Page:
I was always fascinated by nature, and after discovering a passion for research at the Ontario Science School in Toronto I decided to pursue Earth sciences. I took up a bachelor’s degree specializing in geology with a minor in physics at the University of Ottawa, where I started working in Dr. Danielle Fortin’s geomicrobiology lab. I spent two years working on the environmental remediation of mine tailings, studying the bacteria present and their effect on the geochemistry of the surrounding iron minerals. On my exchange in Iceland I continued microbiology research and geochemical sampling while re-discovering my childhood wonder of volcanoes. In my final undergraduate year I ventured to the Canadian Arctic, completing my honours project with Dr. Ian Clark on the biodegradation of hydrocarbons in permafrost using stable and radiocarbon isotopes.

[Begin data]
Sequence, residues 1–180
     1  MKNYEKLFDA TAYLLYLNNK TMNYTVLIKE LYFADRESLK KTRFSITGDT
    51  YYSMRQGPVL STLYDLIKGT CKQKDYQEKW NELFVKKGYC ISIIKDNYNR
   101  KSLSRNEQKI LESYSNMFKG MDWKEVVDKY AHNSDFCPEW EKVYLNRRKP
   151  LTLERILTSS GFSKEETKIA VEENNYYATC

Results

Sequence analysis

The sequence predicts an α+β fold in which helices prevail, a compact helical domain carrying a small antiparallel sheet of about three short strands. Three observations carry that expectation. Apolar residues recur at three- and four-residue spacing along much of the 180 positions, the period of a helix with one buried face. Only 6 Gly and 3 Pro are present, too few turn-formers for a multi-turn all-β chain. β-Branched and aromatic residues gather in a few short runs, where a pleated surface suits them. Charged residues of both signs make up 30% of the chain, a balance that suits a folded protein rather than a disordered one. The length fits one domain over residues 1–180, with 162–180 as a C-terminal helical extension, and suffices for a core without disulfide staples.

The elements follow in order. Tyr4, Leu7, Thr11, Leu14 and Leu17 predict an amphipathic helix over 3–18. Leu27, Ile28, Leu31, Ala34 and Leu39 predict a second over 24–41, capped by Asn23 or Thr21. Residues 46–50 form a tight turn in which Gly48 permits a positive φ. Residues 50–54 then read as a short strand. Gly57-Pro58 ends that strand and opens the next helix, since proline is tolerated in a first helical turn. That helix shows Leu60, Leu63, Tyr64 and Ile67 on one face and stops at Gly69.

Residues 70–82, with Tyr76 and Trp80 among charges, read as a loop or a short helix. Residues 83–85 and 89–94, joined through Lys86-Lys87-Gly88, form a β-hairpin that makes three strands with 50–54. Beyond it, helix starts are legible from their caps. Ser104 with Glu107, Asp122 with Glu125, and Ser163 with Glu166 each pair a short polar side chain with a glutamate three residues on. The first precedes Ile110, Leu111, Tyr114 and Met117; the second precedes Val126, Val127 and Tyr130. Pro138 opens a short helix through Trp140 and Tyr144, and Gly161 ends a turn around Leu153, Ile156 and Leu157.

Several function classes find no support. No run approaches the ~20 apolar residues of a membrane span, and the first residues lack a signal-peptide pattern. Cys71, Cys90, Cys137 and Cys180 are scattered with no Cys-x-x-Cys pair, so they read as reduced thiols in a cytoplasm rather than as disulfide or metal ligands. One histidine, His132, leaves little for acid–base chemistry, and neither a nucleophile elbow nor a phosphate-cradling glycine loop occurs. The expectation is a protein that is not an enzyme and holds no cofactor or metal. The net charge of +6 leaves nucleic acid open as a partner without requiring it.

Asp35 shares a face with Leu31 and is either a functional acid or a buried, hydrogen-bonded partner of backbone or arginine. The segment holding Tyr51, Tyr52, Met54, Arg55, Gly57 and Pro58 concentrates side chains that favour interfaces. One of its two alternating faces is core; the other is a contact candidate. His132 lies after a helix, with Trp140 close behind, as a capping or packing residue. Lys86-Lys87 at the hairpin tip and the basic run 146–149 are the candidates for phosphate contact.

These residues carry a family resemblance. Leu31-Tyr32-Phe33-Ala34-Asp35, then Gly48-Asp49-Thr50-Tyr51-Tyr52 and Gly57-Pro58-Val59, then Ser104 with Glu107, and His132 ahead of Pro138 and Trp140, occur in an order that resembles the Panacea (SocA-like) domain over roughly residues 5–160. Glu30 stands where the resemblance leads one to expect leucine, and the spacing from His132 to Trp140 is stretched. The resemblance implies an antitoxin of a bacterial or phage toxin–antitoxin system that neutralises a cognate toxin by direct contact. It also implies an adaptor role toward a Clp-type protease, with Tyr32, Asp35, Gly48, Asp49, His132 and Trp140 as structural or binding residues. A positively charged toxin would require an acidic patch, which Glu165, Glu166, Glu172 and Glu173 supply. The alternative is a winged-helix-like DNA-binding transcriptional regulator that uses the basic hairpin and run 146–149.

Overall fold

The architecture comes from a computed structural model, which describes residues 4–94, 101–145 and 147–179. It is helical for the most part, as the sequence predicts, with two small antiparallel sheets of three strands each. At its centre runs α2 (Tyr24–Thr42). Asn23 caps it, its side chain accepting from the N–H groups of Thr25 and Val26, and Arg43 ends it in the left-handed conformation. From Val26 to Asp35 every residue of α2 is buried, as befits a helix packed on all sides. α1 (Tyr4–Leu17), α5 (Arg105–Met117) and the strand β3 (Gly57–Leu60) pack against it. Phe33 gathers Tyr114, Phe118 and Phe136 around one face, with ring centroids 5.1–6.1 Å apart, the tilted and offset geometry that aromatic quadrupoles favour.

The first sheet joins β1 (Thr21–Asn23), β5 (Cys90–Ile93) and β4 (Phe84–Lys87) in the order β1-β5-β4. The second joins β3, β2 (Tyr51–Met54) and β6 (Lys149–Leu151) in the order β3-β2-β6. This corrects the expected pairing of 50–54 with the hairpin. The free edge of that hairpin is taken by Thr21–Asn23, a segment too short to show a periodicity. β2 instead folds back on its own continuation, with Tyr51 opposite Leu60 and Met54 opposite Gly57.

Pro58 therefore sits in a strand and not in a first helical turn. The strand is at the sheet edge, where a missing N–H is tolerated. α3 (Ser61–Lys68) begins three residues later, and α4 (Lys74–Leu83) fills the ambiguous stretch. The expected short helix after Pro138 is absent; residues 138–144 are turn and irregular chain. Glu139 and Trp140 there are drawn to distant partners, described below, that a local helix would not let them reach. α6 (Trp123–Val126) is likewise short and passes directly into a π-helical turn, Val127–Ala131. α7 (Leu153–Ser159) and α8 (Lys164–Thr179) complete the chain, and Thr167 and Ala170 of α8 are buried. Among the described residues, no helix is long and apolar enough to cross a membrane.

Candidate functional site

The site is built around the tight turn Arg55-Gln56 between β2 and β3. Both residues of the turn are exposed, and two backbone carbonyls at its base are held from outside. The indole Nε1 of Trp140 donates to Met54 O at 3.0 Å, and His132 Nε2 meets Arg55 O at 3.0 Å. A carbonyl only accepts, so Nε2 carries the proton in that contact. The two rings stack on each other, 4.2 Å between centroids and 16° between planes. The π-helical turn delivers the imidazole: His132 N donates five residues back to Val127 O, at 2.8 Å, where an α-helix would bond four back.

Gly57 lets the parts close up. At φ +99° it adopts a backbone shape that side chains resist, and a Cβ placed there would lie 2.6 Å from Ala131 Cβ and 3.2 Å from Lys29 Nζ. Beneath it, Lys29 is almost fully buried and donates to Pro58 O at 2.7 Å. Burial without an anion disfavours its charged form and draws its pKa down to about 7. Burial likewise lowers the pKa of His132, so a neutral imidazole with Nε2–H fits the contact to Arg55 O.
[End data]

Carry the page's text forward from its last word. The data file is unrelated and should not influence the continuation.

I am now starting my Master’s degree in volcano geochemistry at McGill University under the supervision of Dr. John Stix. I will be studying the water isotopes in the gases of Turrialba volcano in the central valley of Costa Rica. We would like to characterize the plume in terms of magmatic/ meteoric water content, as well as metal and halogen content to better understand and predict its behaviour. This research will also integrate studies of the changes in stable carbon and sulphur isotopes of the volcano over time, using tree rings which possess a yearly record. This may be complimented by capturing thermal infrared imaging of the crater and extensive monitoring of CO2 flux in the active area.